Some final thoughts for this log entry:

    1. As our original github repo will be used for this project too (which makes sense as we'll use most of the original code), the old RPi 3 version is now available as a v1.0 release (git tag) and all new development will be done on the master branch

    2. Just something we've learned along the way - while testing Autotron, it's always wise to do so on the floor, because leaving it on the table can (and eventually will) lead to the unwanted crash test, as seen in the picture below :-(

    P.S. Altough unwanted, the crash test showed us that the chasis is the weakest part of Autotron - all of the other parts were left unharmed. Sorry for the slightly blurred image, the adrenaline was high at the moment ;-)

  • Power, power, power...

    Tomislav Preksavec03/21/2018 at 20:43 0 comments

    When building autonomous project, providing enough power is the key to success. Our original project used quite beefy juice canister, 10000 mAh was a must as we had RPi 3, video stream, and two DC motors running at the same time. As we're now down scaling the whole project, our power source should shrink too. Or not?

    Well, we're going to find out the only way we can: let's try it out! First of all, we'll pick smaller power bank which still has two USB outputs and a power button. Of course, one of those outputs has to be able to give us more than 2 amps while maintaining 5 V, so we'll pick manufacturer we can trust, keeping in mind the price/quality ratio :-)

    Tadaaa, our first pick is RealPower's PB-6k 6000 mAh power bank - a German company should deliver, right? Once we've got our hands on it, we cycled it few times through charge - discharge stages, just to make sure it's going to be consistent through the tests. And now, the fun part starts!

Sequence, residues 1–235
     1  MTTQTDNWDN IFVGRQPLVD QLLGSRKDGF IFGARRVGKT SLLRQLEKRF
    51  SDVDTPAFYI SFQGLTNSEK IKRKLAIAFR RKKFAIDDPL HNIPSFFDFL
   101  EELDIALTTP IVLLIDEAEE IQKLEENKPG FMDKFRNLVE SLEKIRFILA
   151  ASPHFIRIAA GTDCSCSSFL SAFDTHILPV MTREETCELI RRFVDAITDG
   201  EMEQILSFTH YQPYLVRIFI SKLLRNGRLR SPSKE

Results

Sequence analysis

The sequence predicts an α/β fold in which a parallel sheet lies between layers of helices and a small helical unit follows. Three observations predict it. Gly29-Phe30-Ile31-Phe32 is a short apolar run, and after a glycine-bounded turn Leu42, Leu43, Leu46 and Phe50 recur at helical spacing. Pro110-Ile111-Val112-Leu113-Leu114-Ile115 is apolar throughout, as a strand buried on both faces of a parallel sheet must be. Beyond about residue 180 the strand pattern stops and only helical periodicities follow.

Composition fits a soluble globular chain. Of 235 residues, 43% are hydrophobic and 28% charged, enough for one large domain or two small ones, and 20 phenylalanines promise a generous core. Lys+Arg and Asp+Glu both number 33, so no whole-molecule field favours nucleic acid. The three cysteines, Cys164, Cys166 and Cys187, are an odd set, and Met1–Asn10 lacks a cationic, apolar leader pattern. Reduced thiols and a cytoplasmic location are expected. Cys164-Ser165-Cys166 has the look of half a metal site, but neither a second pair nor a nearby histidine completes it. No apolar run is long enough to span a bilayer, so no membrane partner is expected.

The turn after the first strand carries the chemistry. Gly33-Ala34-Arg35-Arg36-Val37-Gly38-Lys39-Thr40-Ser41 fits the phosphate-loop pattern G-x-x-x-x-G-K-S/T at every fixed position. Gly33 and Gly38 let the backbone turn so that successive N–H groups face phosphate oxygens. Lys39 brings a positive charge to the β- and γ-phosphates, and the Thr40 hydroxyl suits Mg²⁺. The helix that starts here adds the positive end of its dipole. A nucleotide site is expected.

Image by RealPower

    First we installed Raspbian Strech Lite (AKA headless) version on a SD card and enabled WiFi and SSH on it (instructions on how to do that coming soon - don't worry, it's easy-peasy). The only thing added was a crontab line which is logging the uptime (yes, we'll share that one too) and we're set to go - all we have to do now is wait...





    So, one day and 14 hours later, our test was officially finished - not bad for a first run. While we're charging the power bank, it's time to try some tricks. It appears that HDMI connector onboard RPi Zero is pretty hungry even if nothing's connected to it, so let's turn it off. Fortunately, that's easy when running Linux, all you have to do is to add this line:

    /usr/bin/tvservice -o

    to /etc/rc.local. And we're good to go one more time...






    One day and 19 hours later we've learned that one line in one file saves five hours of uptime. Wow! We could save a little bit more by turning off a power LED, but is seems we'll lose more than we'll gain, so we'll forget about that one, as our uptime looks quite good right now.

    Let's give our Zero something to do - we'll add 5 MP camera to it, and we'll run start script which will start onboard command server and video stream. How long will it hold out now?




    Of course, not so long, but 22 hours is more than good enough for us, we've nailed the power source at the first go. Yay!

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  • 1
    Raspbian installation

    Never installed Linux before? No biggie, we're here to lend you a helping hand :-)

    First thing you have to do is to download one: go to Raspbian download page and choose the Lite version. This one is not easier, it's just lighter as it comes without the GUI. Your basic installation comes to writing the image file to micro SD card, and  the instructions for this step are here.